Maelicke_1995_J.Recept.Signal.Transduct.Res_15_333

Reference

Title : Noncompetitive agonism at nicotinic acetylcholine receptors\; functional significance for CNS signal transduction - Maelicke_1995_J.Recept.Signal.Transduct.Res_15_333
Author(s) : Maelicke A , Schrattenholz A , Storch A , Schroder B , Gutbrod O , Methfessel C , Weber KH , Pereira EE , Alkondon M , Albuquerque EX
Ref : J Recept Signal Transduct Res , 15 :333 , 1995
Abstract : The alkaloids (-)physostigmine (Phy), galanthamine (Gal) and codeine (Cod), and several derivatives and homologous compounds, can act as noncompetitive agonists (NCA) of nicotinic acetylcholine receptors (nAChR) from Torpedo electrocytes, frog and mammalian muscle cells, clonal rat pheochromocytoma cells, cultured hippocampal neurons and several ectopic expression systems, by interacting with a binding site on the alpha-subunits of these nAChRs that is insensitive to the natural transmitter, acetylcholine (ACh), and ACh-competitive agonists and antagonists. Several endogenous ligands, including opioid-type compounds, can also act via this site, albeit at higher concentrations than is typical for the interaction with their cognate receptors. The NCA-evoked responses can be observed at the single-channel level but they do not summate to significant macroscopic currents, suggesting that the major role of NCAs is to act as "co-agonists", thereby potentiating nAChR channel activation by the natural transmitter. In more general terms, noncompetitive agonists may constitute part of a "chemical network", by which intercellular messengers, in addition to serving their cognate receptors, could modulate the sensitivity of other neuroreceptors to their archetypic ligands. Such a mode of action would make centrally acting NCAs interesting candidate drugs in the treatment of neuro-degenerative diseases.
ESTHER : Maelicke_1995_J.Recept.Signal.Transduct.Res_15_333
PubMedSearch : Maelicke_1995_J.Recept.Signal.Transduct.Res_15_333
PubMedID: 8903949

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Citations formats

Maelicke A, Schrattenholz A, Storch A, Schroder B, Gutbrod O, Methfessel C, Weber KH, Pereira EE, Alkondon M, Albuquerque EX (1995)
Noncompetitive agonism at nicotinic acetylcholine receptors\; functional significance for CNS signal transduction
J Recept Signal Transduct Res 15 :333

Maelicke A, Schrattenholz A, Storch A, Schroder B, Gutbrod O, Methfessel C, Weber KH, Pereira EE, Alkondon M, Albuquerque EX (1995)
J Recept Signal Transduct Res 15 :333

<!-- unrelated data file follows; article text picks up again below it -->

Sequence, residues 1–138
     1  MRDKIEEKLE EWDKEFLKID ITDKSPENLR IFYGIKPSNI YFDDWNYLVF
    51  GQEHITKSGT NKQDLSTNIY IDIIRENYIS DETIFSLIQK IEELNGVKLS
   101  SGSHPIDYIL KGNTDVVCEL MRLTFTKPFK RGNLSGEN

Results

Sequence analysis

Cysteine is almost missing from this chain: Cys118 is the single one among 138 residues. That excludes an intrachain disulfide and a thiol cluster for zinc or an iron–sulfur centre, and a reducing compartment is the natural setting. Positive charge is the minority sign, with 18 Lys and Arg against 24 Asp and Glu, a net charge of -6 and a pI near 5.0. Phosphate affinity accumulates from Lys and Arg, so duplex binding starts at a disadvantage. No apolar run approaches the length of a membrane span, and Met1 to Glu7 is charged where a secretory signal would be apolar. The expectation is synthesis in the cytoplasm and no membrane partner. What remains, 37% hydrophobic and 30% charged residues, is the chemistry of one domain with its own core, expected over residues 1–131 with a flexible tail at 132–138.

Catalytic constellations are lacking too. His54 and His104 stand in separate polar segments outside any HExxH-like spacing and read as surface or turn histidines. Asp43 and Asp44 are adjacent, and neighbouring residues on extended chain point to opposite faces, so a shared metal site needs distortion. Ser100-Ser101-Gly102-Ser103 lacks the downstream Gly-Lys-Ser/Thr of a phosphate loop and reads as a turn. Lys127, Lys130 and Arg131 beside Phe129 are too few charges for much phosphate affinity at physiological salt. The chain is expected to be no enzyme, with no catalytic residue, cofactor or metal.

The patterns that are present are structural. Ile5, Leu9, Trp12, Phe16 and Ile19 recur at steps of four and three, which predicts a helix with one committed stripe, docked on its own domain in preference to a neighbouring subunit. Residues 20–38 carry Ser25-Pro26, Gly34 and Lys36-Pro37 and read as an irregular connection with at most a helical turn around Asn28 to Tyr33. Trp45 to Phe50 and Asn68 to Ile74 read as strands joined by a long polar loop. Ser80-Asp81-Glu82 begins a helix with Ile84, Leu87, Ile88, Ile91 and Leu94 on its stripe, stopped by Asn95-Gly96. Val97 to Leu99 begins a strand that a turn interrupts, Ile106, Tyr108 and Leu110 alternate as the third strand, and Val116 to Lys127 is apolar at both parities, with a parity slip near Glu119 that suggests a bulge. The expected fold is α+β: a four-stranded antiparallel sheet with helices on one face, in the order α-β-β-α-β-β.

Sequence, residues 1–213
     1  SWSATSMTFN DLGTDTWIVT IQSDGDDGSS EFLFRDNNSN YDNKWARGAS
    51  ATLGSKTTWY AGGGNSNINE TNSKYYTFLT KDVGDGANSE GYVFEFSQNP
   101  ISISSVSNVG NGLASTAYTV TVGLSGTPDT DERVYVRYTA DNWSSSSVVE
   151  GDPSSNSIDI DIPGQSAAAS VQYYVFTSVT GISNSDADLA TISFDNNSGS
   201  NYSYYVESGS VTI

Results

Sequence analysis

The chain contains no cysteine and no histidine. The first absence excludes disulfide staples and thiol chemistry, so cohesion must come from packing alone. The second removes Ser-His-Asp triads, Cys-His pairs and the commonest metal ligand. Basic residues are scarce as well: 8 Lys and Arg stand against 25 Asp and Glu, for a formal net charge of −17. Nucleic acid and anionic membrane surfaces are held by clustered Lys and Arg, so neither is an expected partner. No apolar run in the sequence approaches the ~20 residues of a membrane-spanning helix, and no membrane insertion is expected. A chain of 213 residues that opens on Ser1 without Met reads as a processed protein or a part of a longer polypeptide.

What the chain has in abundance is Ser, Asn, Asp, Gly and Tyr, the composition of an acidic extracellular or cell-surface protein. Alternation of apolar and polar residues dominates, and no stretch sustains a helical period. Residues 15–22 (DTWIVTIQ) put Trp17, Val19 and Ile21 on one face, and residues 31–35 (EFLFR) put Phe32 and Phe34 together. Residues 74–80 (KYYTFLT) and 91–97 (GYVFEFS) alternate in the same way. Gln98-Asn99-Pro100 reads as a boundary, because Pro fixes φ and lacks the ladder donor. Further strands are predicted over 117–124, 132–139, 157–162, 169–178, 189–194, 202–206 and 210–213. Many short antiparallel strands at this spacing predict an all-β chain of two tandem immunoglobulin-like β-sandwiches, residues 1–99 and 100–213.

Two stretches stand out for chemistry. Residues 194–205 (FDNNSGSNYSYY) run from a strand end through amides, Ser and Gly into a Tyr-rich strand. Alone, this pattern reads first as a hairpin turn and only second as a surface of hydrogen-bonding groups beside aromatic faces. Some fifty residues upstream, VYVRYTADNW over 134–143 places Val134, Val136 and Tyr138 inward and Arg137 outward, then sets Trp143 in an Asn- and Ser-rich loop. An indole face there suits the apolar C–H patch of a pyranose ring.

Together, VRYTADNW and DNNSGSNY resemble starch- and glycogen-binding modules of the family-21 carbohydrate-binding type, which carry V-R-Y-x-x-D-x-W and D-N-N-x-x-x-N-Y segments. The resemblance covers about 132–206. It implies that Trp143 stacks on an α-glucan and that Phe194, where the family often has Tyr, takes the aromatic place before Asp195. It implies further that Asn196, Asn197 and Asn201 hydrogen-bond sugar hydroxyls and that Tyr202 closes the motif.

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    [author] => Maelicke A || Schrattenholz A || Storch A || Schroder B || Gutbrod O || Methfessel C || Weber KH || Pereira EE || Alkondon M || Albuquerque EX
    [year] => 1995
    [title] => Noncompetitive agonism at nicotinic acetylcholine receptors\; functional significance for CNS signal transduction
    [journal] => J Recept Signal Transduct Res
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    [page] => 333
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            [content] => The alkaloids (-)physostigmine (Phy), galanthamine (Gal) and codeine (Cod), and several derivatives and homologous compounds, can act as noncompetitive agonists (NCA) of nicotinic acetylcholine receptors (nAChR) from Torpedo electrocytes, frog and mammalian muscle cells, clonal rat pheochromocytoma cells, cultured hippocampal neurons and several ectopic expression systems, by interacting with a binding site on the alpha-subunits of these nAChRs that is insensitive to the natural transmitter, acetylcholine (ACh), and ACh-competitive agonists and antagonists. Several endogenous ligands, including opioid-type compounds, can also act via this site, albeit at higher concentrations than is typical for the interaction with their cognate receptors. The NCA-evoked responses can be observed at the single-channel level but they do not summate to significant macroscopic currents, suggesting that the major role of NCAs is to act as "co-agonists", thereby potentiating nAChR channel activation by the natural transmitter. In more general terms, noncompetitive agonists may constitute part of a "chemical network", by which intercellular messengers, in addition to serving their cognate receptors, could modulate the sensitivity of other neuroreceptors to their archetypic ligands. Such a mode of action would make centrally acting NCAs interesting candidate drugs in the treatment of neuro-degenerative diseases.
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